Please notice the title of the book – it does not say that the reformation was wrong, but that there is misunderstanding about the reformation, especially in the Church today, which needs to be acknowledged. The author is a protestant evangelical scholar and he is not seeking in any way to undermine the (important) successes of the reformation. However, to view the reformation as nothing but a success is a problem. To assume that the reformation is beyond criticism or critical analysis is quite simply nonsense which is why , in my opinion, this book has been a longtime coming.
Payton’s analysis is simple. The reformation was a success. The medieval church had obscured the apostolic message and the reformation pulled back the curtain to reveal once again the gospel message. However, there is a tragedy to the reformation, and that tragedy is that the reformation is by nature schismatic. Even from the earliest times the reformers were divided amongst themselves. Eventually Lutherans denounced Melanchthon, Zwingli’s followers entered conflict with Bucer’s followers. Lutheran and Reformed camps viciously criticized each other, eventually claiming the truth for their side. This has continued in the aftermath of the reformation. We now have 26,000 Protestant denominations.
This is more than a historical issue for Payton. He challenges the reader to examine the words of Jesus in John 17:20-23 (I pray not only for these, but also for those who believe in Me through their message. May they all be one, as You, Father, are in Me and I am in You. May they also be one in Us, so the world may believe You sent Me. I have given them the glory You have given Me. May they be one as We are one. I am in them and You are in Me. May they be made completely one, so the world may know You have sent Me and have loved them as You have loved Me.)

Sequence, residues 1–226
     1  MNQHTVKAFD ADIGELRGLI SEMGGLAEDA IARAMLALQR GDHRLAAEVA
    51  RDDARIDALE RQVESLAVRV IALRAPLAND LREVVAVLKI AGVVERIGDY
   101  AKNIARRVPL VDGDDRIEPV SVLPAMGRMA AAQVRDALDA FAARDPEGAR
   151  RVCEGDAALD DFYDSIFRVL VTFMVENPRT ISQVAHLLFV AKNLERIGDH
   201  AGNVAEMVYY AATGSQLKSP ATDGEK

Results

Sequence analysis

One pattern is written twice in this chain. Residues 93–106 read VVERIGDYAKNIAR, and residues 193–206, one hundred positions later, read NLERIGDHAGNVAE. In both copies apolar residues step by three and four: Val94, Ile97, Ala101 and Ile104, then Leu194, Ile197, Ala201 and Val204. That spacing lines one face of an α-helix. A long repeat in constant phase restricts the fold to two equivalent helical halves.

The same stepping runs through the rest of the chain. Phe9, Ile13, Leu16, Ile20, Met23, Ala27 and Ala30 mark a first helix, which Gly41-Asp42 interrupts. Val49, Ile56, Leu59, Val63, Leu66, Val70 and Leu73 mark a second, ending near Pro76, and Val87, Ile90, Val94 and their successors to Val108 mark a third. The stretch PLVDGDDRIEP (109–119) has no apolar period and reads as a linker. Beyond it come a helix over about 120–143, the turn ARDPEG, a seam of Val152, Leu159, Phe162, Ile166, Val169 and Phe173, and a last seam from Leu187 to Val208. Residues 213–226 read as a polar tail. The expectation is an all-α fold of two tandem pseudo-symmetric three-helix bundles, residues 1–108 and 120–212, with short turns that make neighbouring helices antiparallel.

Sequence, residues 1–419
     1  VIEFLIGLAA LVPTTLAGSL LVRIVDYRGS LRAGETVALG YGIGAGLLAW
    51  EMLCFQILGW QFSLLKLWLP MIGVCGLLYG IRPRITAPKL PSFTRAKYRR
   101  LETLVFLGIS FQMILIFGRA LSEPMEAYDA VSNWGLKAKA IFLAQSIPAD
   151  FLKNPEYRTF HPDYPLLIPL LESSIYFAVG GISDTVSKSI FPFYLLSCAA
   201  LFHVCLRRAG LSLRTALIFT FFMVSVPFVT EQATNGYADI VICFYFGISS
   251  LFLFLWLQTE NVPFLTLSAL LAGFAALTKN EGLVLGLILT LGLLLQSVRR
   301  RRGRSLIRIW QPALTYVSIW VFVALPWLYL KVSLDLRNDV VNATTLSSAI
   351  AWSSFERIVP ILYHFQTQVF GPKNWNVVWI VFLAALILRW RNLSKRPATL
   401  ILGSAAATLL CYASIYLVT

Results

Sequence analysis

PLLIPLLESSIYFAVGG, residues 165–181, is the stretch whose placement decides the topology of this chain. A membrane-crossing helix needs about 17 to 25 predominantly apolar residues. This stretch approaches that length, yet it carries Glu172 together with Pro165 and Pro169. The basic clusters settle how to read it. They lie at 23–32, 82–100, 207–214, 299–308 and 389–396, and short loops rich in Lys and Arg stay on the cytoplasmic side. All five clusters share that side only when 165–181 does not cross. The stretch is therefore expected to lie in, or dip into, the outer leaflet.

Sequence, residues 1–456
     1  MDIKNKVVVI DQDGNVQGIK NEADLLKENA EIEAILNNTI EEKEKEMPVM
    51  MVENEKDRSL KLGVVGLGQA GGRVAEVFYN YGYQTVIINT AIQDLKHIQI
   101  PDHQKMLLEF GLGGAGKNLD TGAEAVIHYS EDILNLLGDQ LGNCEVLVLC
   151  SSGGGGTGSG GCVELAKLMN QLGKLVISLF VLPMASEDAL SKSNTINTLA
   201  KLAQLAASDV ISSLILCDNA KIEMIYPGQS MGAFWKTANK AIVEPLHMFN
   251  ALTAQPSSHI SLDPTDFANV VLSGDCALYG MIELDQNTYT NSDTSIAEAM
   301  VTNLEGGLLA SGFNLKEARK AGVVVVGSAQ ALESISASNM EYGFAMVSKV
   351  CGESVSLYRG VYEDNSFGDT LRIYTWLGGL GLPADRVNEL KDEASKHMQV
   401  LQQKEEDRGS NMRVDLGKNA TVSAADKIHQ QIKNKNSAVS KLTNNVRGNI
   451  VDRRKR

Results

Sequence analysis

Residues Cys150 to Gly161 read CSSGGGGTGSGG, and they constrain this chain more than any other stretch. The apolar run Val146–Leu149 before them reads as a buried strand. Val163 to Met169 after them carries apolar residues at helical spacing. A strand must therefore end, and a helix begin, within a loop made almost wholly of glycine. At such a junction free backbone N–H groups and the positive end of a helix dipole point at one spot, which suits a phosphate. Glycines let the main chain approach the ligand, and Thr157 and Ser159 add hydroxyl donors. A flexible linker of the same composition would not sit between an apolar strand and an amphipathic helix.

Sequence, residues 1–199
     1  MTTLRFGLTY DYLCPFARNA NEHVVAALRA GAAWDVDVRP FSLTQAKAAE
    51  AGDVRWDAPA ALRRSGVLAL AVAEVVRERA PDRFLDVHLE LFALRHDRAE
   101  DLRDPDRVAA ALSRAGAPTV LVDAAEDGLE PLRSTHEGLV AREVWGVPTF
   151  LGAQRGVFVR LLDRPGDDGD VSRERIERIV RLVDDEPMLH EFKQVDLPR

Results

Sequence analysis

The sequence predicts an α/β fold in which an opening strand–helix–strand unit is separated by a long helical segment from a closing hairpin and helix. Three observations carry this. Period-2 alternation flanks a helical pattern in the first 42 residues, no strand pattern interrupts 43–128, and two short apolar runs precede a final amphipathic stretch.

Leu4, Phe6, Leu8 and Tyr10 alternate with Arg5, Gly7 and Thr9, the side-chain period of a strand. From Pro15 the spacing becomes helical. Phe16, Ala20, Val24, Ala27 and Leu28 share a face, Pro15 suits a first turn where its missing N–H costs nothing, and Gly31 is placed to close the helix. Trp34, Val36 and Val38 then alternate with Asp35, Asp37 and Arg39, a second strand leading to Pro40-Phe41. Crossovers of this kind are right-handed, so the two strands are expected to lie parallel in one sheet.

Payton writes, “If as Christians (of whatever denominational stripe) we believe that Jesus Christ had some insight into what would affect the reception of the gospel as proclaimed by his apostles, then we cannot bypass the correlation he explicitly declares here (John 17). According to Jesus Christ himself, for those who would come to faith in him through the apostolic message to be one would constitute a compelling argument to the rest of the world that God the Father had, indeed, sent his son into the world. Conversely, for such believers not to be one would offer the world at least an excuse not to believe the gospel.
Too often, Protestants have divided over non-salvation issues such as the Lord’s Supper, predestination versus free will, eschatology, church governance, charismatic gifts, creation vs evolution, ordination of women, resulting in the fragmentation of the body of Christ. Payton’s book raises the question – is the church today really what it should be? 26,000 or more denominations fighting over small issues of theology?
This is a wonderful balance to reformation studies and a book which should not just be read but thought through. Yes, for some, this may be a provocative read. But it will be a worthwhile and challenging read. I would recommend this book as required reading for reformational studies.